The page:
Sunday, January 14, 2007

one perk of being famous: being analyzed

I think the best part of being famous as an artist is to have your work analyzed to death: reviewed, critiqued, cross-analyzed, dissected, and everything else. There's a whole industry of people who analyzed and critiques prominent musicians, filmmakers, actors and artists. I'm one of them, or aspire to be one of them as a film critic. And those film critics or music critics, or whatever they are, don't just review something some average Joe did with his camcorder when he went on his trip to do relief work on his camcorder. They will, however, review the footage Spike Lee took of New Orleans post-Katrina when he went down there. They might bash it or they might praise it, but either way, it must be exciting to have such prominent critics looking at your work and deciding whether it's a thumbs-up or a thumbs-down.

In essence, what i'm saying is that it's a natural instinct for anyone who makes a work of art to want to have it judged and evaluated, and as a perk of being famous you get to have it evaluated by the best. Another perk is that even if it's bad and the critics bash it you can look on the bright side which is that you're famous enough to have those critics look at your work in the first place. I saw this terrible movie, Vanilla Sky, by Cameron Crowe, the other day and it was one of the most dissapointing movies I'd ever seen. If I were to write a bad review of it and give it a thumbs down, or whatever (or let's say a respectable critic were to do so), I wouldn't really be saying "this is a terrible work of art" because it's all relative. What I would be saying is "for something to be put into a theater on national distribution, this is unacceptable." Because, Vanilla Sky is perfectly acceptable for the standards of an 8th grader shooting a student film. If you took all the "films" ever made, Vanilla Sky is still close to the top. I have been to a couple student film festivals and some of the stuff there will just make you cringe and all of it shows an understanding of the craft that isn't fully developed. In other words "Vanilla Sky" isn't neccessarily bad, it's just bad by "famous person" standards which should give comfort to those people like Ben Affleck pre-Hollywoodland who was just running into a lot of critical trouble, although oddly enough it doesn't. That just might be one way of looking at it.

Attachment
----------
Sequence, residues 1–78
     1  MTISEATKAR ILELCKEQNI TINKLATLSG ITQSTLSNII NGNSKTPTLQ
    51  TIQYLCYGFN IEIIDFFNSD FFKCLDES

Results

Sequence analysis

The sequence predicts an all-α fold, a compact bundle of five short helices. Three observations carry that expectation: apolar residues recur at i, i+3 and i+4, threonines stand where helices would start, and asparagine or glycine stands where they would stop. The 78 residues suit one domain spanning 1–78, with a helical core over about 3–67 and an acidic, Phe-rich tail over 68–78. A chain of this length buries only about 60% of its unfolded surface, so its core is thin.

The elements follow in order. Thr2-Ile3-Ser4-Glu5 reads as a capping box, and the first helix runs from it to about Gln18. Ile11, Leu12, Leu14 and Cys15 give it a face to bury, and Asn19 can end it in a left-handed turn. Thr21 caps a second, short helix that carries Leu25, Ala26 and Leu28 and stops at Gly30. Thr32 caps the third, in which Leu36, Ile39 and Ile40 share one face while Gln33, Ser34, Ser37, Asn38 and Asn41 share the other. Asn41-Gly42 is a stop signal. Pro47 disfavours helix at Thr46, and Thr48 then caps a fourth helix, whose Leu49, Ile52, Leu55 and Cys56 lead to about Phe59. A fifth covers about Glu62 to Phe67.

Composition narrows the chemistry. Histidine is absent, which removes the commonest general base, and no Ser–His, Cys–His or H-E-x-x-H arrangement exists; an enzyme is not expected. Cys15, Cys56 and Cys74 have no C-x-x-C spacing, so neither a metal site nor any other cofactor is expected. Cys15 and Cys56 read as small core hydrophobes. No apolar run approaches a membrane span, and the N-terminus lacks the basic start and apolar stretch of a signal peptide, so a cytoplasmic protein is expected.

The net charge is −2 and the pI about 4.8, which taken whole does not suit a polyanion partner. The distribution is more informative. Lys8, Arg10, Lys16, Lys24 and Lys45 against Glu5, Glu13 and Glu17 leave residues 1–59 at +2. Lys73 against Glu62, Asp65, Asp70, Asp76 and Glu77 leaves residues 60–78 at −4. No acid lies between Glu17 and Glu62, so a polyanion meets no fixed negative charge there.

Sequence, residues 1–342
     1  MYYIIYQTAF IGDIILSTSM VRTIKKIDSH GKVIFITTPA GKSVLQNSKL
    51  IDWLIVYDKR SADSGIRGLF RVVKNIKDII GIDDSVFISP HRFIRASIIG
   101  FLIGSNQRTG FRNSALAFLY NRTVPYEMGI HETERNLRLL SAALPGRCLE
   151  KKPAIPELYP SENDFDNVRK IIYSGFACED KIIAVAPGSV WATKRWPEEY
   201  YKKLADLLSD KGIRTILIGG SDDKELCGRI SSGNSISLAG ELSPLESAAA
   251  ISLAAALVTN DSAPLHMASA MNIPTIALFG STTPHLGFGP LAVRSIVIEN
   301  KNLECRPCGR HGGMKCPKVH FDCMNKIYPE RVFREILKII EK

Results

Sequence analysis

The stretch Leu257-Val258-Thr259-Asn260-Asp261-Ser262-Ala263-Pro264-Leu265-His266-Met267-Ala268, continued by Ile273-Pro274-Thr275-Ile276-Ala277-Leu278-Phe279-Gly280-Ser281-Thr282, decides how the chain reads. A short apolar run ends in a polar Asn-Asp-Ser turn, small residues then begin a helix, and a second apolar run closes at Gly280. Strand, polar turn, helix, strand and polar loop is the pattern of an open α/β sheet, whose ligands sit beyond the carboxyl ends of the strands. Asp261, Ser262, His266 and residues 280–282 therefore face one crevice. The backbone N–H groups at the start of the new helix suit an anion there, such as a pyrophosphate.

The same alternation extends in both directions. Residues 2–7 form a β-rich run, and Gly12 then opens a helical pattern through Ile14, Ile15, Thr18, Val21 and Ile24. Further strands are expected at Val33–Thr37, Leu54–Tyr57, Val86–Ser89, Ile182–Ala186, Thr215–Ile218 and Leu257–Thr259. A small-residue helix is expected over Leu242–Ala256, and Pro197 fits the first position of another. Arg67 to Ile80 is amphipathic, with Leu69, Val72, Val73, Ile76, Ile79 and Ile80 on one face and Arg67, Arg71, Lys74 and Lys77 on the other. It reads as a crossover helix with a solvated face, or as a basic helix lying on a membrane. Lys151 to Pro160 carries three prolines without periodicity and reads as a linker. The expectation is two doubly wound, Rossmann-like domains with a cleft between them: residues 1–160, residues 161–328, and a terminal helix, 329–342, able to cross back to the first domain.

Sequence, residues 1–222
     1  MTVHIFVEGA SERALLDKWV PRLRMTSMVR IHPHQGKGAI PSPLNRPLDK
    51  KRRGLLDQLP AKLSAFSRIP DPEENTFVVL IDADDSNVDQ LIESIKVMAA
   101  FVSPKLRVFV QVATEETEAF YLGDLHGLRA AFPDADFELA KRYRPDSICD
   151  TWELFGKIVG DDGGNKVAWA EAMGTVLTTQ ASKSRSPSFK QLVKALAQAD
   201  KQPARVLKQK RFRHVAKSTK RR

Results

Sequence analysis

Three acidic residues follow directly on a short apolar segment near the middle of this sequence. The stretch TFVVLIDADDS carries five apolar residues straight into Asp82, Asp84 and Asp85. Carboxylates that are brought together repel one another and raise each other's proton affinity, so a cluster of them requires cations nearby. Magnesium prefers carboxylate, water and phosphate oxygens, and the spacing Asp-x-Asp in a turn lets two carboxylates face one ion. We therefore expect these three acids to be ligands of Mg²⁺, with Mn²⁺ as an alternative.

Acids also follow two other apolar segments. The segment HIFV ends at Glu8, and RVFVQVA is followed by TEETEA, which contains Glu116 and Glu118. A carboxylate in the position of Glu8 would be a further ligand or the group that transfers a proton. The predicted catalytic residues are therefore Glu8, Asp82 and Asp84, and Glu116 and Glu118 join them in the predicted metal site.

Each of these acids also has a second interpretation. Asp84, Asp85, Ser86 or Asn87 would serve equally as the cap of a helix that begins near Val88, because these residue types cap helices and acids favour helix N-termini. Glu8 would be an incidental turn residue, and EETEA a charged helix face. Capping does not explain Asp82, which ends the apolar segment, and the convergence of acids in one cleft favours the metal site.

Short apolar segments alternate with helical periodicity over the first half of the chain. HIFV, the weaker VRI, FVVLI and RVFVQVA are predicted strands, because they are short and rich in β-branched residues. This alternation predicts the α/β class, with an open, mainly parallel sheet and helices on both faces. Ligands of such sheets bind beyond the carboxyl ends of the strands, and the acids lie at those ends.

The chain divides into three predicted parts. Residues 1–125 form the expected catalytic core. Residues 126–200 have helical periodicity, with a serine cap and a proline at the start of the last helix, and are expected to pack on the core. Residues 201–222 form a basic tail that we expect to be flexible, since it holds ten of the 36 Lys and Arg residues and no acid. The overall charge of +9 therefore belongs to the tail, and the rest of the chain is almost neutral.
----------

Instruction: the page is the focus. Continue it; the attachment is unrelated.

Of course, when you become a historical figure like Picasso or Monet in art or Duke Ellington or Alfred Hitchkock or Barizhnokov, then you become the subject of academic literature and books and everything, and that must be funner, still, although I hear that many of them do so with detached amusement. I heard once that Alfred Hitchkock helped his granddaughter out in film class with an essay she had to write in a class where she had to analyze one of his movies. He told her what he was thinking when he made the movie and she still got a C.

What's great about achieving that level of fame is being psychoanalyzed by authors. I'd love that. It'd be like free therapy with the best writers in the world as your therapists. I'd also love to have an E! True Hollywood Story. I would love to have everyone I've ever known rounded up and asked to say a few words about me: I would learn a lot about myself.

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